Ramona: Are you, have you all got places at home to write, you know, your little writing place? And if you haven’t, why haven’t you? And if you have, does it drive you nuts to stay there all day? I mean what’s your routine for not getting cabin fever? Morris?
Morris: Masturbation helps sometimes.
Morris: Did I just say that out loud? [Laughs] God!
[Carrie hides head]
Shane: There’s a lot of it going on.
Ramona: That’s what that fog that she could smell in the Library was.
Morris: No no, I was there a different year, it’s, please don’t ...
Morris: I’ve always had an office at home and there’s a bit of a cabin fever risk, but I reckon I’ve saved so many thousands of hours. I talk to other authors about this; not travelling to work over a lifetime, there’s a couple of books that we’ve gained by doing that, so if ever it feels a bit constrained, but ...
Ramona: But what’s your routine – you get up ...
Morris: I get up, and do a few ...
Ramona: ... limbering-up exercises?
Morris: ... limbering-up exercises, yeah, make some tea and ...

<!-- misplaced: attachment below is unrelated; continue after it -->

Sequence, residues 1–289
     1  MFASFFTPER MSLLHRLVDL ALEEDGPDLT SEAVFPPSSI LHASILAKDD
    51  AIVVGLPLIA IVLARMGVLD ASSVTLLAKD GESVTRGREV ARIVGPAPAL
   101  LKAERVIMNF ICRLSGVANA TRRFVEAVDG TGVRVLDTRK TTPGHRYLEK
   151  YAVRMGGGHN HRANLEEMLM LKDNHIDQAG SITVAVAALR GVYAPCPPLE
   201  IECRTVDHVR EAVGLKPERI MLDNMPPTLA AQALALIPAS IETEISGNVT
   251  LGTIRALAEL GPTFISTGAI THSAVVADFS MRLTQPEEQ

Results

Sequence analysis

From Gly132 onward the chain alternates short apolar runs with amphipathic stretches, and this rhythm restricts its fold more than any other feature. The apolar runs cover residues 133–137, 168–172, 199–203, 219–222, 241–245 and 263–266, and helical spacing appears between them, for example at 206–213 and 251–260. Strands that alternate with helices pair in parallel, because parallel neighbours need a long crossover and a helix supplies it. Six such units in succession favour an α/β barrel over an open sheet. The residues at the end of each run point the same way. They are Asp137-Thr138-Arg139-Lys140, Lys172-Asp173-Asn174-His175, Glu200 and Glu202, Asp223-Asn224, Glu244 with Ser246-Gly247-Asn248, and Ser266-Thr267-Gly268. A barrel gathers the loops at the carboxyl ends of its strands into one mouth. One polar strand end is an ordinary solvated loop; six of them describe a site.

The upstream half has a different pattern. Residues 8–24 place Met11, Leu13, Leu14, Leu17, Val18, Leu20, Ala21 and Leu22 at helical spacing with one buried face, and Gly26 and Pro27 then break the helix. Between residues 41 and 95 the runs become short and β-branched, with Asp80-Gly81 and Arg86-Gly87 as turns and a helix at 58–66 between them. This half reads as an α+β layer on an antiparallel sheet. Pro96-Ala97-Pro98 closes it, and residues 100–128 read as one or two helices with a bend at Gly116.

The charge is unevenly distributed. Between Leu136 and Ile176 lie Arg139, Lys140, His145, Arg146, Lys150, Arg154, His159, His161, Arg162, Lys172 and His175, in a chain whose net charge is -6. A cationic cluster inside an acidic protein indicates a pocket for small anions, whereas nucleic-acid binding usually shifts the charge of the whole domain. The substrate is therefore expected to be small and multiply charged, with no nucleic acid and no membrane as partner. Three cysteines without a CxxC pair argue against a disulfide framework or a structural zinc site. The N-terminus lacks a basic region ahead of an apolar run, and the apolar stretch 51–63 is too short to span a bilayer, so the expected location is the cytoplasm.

Ramona: ... now your tea, I know for a fact that your tea is very important to you.
Morris: Mmm, it is.
Ramona: You’re obsessed with tea actually, aren’t you?
Morris: I’m quite obsessed with tea [gestures with hand].
Ramona: How many kinds of tea do you have to choose from?
Morris: I have, well I like classic Chinese tea and there are about 15 classic types and so I have them all, but I ...
Ramona: And how important are they to the writing process?
Morris: Very important to me because I used to be passionate and obsessive about wine, but I never allowed myself to drink wine while I was actually writing. But I was getting to the point where probably I was going to start giving in and then I discovered the classic Chinese tea which gives me the same flavour pleasure, the same aesthetic of taste and smell as wine. So now I drink tea all day and remain fairly lucid.
Ramona: And do you have a tea that you start off with because you say, ‘this is the morning tea …’
Morris: Um-hum, yep.
Ramona: ‘… and I can’t write without this morning tea’?
Morris: Yea, I like white tea first thing and then red tea through the late morning, early afternoon, and then I go into green tea as sort of bedtime approaches.
Ramona: And that’s why you’ve got that little bathroom right next to your room.